Extreme Short-Selling Becomes Even More Dangerous
(Bloomberg Gadfly) -- Short-sellers' favorite stocks to hate have been getting a lot of love lately.
Consider Bristow Group Inc., which provides helicopter transportation services to offshore oil rigs. As of the end of June, 12 million of Bristow's shares, or slightly more than half of its traded stock, were sold short, making it the ninth-most bet-against company in the Russell 2000 Index. Earlier this month, Bristow reported that it lost $31 million in the third quarter, but that was $2 million less than analysts' expectations. What's more, after some nifty accounting adjustments, the company said its real loss was closer to $12 million. Its stock shot up 44 percent, most likely giving short-sellers a strong bout of agita.
And it's not alone in bucking the market's buzz-kills. Hertz Global Holdings Inc. is another stock that has defied short-sellers recently. News of a partnership with Apple on self-driving car technology, along with its largest quarterly profit in two years in the third quarter, have pushed shares of the rental company up nearly 70 percent since the end of June. Weight Watchers, another company targeted by short-sellers, is up 302 percent in 2017.
There have been some exceptions, especially in retail. Short-sellers have been right about Sears Holdings Corp. and J.C. Penney Co., whose shares are down 57 percent and 60 percent respectively. But even in retailers, short-sellers have had missteps. Restoration Hardware's parent company RH Corp. was the most-shorted stock in the Russell 2000 in late July, based on its traded shares. Better results, though, boosted by a new membership program, have sent the stock up by more than a third since then.
Rising stock markets are always tough for short-sellers, but they are being punished more than usual in the stocks that appeared, at least to them, to be obviously safe to bet against. So-called extreme short-selling -- or bets against companies in which nearly half or more of their shares have been sold short -- has generally been a losing bet this year. In all, the shares of the 10 most heavily shorted stocks in the Russell 2000 are up an average of 21 percent in 2017, even greater than the market in general. The S&P 500 Index is up just more than 17 percent this year. It's also the first year of losses for extreme short-sellers in a while. The 10 most heavily shorted stocks fell 17 percent in 2016 and 14 percent the year before.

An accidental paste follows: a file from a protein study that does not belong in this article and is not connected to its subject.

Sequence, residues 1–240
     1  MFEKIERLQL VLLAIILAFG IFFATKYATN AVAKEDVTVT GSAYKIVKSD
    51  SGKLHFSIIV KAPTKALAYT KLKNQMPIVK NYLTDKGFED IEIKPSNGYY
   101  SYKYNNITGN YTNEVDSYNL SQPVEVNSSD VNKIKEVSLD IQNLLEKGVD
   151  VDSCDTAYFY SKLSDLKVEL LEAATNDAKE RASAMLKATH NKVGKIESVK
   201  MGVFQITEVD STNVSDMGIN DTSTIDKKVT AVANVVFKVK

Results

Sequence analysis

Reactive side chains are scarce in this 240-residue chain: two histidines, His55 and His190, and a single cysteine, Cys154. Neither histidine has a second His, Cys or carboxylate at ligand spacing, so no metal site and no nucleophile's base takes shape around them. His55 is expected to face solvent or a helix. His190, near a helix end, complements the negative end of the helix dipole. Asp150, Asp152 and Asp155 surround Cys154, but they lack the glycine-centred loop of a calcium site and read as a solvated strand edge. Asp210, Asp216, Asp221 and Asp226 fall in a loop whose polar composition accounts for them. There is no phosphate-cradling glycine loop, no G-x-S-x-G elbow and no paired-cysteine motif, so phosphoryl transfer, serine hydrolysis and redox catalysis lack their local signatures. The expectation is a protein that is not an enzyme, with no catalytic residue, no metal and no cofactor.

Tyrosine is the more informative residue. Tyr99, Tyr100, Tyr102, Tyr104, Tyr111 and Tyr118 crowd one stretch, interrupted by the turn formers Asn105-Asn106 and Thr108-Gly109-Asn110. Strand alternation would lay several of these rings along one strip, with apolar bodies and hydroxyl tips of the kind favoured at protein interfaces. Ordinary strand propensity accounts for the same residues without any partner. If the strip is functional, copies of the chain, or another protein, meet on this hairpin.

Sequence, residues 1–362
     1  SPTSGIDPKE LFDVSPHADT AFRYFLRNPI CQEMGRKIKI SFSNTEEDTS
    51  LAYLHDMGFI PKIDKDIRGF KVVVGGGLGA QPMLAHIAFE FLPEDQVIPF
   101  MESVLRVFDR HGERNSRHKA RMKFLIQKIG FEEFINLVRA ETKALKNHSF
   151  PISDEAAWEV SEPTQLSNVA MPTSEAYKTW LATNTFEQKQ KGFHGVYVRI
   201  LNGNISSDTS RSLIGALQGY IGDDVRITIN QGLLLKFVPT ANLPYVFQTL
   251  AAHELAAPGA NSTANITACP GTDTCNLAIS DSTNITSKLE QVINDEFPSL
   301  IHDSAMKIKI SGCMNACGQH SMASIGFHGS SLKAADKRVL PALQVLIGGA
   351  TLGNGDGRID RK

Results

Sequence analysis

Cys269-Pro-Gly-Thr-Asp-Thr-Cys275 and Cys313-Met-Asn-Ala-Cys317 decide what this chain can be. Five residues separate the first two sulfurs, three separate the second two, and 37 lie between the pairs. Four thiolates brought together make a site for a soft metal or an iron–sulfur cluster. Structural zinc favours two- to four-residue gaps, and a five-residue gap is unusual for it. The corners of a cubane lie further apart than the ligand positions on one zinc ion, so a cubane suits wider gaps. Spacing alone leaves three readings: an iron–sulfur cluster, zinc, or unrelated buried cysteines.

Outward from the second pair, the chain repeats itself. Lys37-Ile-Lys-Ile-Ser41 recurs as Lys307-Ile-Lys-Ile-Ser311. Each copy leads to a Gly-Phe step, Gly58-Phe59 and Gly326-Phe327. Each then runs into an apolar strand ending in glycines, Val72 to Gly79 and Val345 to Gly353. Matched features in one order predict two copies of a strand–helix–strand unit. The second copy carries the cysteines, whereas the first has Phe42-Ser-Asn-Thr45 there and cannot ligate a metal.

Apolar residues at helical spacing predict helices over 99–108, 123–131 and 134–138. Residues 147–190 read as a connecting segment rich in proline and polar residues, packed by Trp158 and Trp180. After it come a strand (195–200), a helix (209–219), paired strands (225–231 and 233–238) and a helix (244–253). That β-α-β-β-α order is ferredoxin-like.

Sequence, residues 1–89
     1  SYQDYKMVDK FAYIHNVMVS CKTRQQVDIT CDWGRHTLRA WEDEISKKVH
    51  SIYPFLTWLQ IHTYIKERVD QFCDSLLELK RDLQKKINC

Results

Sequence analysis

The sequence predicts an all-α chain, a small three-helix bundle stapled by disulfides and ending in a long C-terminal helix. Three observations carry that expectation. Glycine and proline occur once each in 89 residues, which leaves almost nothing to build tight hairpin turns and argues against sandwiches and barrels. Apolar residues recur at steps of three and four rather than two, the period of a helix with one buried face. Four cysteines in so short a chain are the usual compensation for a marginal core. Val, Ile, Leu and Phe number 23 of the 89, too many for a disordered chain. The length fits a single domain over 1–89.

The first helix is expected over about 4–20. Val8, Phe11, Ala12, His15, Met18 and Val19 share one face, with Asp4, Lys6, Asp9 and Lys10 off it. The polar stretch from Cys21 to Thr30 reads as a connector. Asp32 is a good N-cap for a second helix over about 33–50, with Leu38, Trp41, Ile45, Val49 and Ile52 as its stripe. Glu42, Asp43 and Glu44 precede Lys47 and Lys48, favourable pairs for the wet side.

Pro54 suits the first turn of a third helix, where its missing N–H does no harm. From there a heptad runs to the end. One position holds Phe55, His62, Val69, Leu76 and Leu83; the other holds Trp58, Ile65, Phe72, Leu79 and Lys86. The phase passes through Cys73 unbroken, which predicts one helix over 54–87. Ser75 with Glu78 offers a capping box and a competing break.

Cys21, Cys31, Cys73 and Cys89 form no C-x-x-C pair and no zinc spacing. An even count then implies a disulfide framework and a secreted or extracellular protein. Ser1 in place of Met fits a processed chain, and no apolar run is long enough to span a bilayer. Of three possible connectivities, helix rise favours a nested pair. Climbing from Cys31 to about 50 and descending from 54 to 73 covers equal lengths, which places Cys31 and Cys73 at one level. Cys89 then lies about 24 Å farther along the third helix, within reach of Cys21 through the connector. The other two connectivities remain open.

Richard Pearson, a short-seller who earlier this year flipped and began buying the shares of companies that had been heavily bet against, says a reason the companies have befuddled his former compatriots is the credit market. Many of the companies have a lot of debt. But interest rates have stayed low, and credit has continued to flow. That's made it easier for companies to maintain large debt loads. Slightly better results are amplified by high leverage. Second, it's another sign that there is perhaps too much money in hedge funds, often the source of most short bets. Pearson says the "2/20 guys" appear to be chasing the same investments and "doing no work."
Last, and perhaps ironically, the demise of some extreme shorts this year could be another sign that the market is overvalued. Even already expensive stocks of companies that clearly face tough times are rising. That may make short-sellers feel better about their bad bets long term, even as their returns get worse in the short run.
This column does not necessarily reflect the opinion of Bloomberg LP and its owners.
Stephen Gandel is a Bloomberg Gadfly columnist covering equity markets. He was previously a deputy digital editor for Fortune and an economics blogger at Time. He has also covered finance and the housing market.
To contact the author of this story: Stephen Gandel in New York at firstname.lastname@example.org.
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